Pedal or push?
March 29, 2008 10:35 AM   Subscribe

What do I do when my kid has outgrown his balance bike but doesn't want to pedal yet?

We have the Target knockoff of a LikeABike. It's basically a heavy wooden 12" bike with no pedals or chain. My four-year-old is too big for it, but not yet coordinated enough to pedal his 16" big-boy bike.

He's a pro at the balance bike, cruising all over our yard and driveway, easily coasting for at least 30' at a clip. But put him on the 16" bike (with training wheels) and he's a wreck. He either tries to pedal, but doesn't have the strength to keep the pedals going, or he coasts like he does on the little bike, but I think he feels a little more top-heavy than he's used to, probably just enough to make him feel unable to stop efficiently. He's used to really stopping on a dime, Flintstone-style, on the little balance bike.

What should I do to make this experience less traumatic? I'd like to just take off the pedals and training wheels on the bigger bike, but I'm not sure how far to go? Cranks off? Chain? Sprocket? I'm not a bike mechanic, but I am mechanically inclined, so I feel somewhat confident in my ability, at least to DISassemble. I'm more worried that I won't be able to get it all back together when he does want to pedal.

Or should I leave the pedals on and just wait for him to "get it"? I'd say the strength to pedal is quite a ways off at this point, and I don't really get the point (nor do I think he does) when he can go as fast as he wants without pedalling.
posted by iscatter to Grab Bag (11 answers total)
Maybe you cold swap the rear cog out for a larger one? This would make the bike geared lower and easier to pedal. Probably beyond what you could do at home without bike specific tools, but a local bike shop should be able to do that quickly and rather cheaply. Might be worth checking into.
posted by entropic at 10:46 AM on March 29, 2008

Put him on the bike with training wheels and encourage (bribe) him to ride it.

With my daughters, I put them on the bike a pushed them around until they were more confident on the 'big bike'.

At 4, it's not a coordination issue, it's a confidence issue.
posted by Argyle at 10:47 AM on March 29, 2008

If the rotational range of the pedals is too large, it can be difficult for a little child to work them. A 16" bike can be on the largish side depending upon the size of your 4 year old. My kids were on their 12" bikes with training wheels for a while. I let them decide when they wanted to start out on their own. In order to make the experience more gradual, I eventually just raised the training wheels until they were only providing support instead of balance.
Good luck!
posted by mcarthey at 11:11 AM on March 29, 2008

I read this trick somewhere, and it works great.

On a kid bike:

- lower the seat all the way
- remove the pedals (not the cranks - just the pedals)

Now the kid can scoot along with their feet comfortably on the ground. As the do so, they'll naturally work on balance and they'll have no fear because they know they can put their feet down. After a day or two of this, they'll be scooting and lifting their feet and hey, look, they're coasting and balanced without training wheels.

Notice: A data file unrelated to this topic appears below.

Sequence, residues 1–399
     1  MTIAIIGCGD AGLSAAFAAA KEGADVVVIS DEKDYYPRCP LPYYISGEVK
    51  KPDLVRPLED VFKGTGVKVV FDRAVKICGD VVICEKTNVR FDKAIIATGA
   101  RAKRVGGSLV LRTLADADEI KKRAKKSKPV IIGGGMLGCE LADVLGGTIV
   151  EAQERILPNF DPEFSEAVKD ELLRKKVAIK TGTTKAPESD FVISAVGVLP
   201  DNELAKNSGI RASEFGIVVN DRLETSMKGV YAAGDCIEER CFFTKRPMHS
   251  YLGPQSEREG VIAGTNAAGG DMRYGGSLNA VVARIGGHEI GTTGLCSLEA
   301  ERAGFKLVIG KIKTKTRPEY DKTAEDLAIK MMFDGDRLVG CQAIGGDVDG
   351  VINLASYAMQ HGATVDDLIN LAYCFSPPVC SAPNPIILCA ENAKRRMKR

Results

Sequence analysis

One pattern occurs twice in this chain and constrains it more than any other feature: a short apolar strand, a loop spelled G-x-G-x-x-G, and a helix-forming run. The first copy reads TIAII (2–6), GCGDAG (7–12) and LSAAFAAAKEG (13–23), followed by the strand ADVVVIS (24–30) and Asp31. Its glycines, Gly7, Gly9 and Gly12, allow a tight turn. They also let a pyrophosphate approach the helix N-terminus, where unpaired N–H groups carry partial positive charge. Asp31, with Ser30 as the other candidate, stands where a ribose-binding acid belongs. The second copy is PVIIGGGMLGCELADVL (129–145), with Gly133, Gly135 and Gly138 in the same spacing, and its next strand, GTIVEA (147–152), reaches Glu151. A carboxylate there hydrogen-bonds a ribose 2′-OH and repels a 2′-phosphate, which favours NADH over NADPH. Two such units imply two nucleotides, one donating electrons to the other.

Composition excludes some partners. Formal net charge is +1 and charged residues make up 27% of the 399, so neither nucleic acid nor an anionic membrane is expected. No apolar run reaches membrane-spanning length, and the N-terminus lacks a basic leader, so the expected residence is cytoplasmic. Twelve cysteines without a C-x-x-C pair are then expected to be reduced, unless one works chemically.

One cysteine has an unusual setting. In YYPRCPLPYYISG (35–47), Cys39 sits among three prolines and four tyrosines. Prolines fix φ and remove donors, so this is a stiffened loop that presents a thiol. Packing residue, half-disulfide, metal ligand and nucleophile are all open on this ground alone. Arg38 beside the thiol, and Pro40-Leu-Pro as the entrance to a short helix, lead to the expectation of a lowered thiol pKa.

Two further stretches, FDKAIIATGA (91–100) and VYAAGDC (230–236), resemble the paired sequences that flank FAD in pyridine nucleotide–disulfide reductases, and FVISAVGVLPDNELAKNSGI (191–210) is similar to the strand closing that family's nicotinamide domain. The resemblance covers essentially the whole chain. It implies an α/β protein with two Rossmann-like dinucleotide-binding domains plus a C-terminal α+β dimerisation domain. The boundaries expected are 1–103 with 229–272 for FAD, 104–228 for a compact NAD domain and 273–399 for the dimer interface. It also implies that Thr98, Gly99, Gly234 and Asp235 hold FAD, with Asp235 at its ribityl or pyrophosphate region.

Then you can put the pedals back on and they can work on that skill separately.
posted by zippy at 11:33 AM on March 29, 2008 [1 favorite]

By the way, removing the pedals is easy. Get a pedal wrench and work on the bolt-thing between the pedal and the crank. I believe one of the bolts turns counter-clockwise, and the other turns clockwise.
posted by zippy at 11:40 AM on March 29, 2008

Response by poster: zippy, that's what we were planning. I'm just wondering whether the cranks get in the way?
posted by iscatter at 11:41 AM on March 29, 2008

I'd suggest taking the cranks off - they'll be more of a hindrance for riding than you'd think. You ought to be able to get a bike shop to do it pretty cheaply. I would also suggest you think about getting the bike at a local shop (if you are buying new). They will be surprisingly competetive and you might convince them to take off and, eventually, reattach the crankset for free.
posted by jmgorman at 12:18 PM on March 29, 2008

When removing pedals, you'll turn the wrench towards the rear tire. So the right pedal is "righty tighty, lefty loosey" but it's opposite for the left pedal.

I think if you want to turn your 16" bike into a like-a-bike, removing the pedals and training wheels would be enough. If you post a pic of the pedals and cranks, we could advise you if you wanted to go further. Most pedals take a 15mm wrench, or a 6mm allen wrench on the back side of the pedal, but on a kids bike this could be different.
posted by spikeleemajortomdickandharryconnickjrmints at 12:20 PM on March 29, 2008

Pedals off - yes. Cranks off - no!

Taking the cranls off an adult bike is only moderately difficult. Taking them off a kid's bike is a ridiculously complicated task (one-piece crank, bottom bracket, chainguard, etc.)
posted by Rafaelloello at 1:49 PM on March 29, 2008

Re: the confidence issue, once he sees his friends on "big-kid" bikes he'll be more likely to try his own bigger bike.
posted by Brittanie at 2:53 PM on March 29, 2008

rrange for him to hand out with some 4-year-olds who are riding two wheelers. Peer pressure is more effective than daddy pressure. Also I agree that the 16" might be a bit big, could you borrow a 12" bike or pick one up at a thrift store for him to use for a couple of months?
posted by LarryC at 3:47 PM on March 29, 2008

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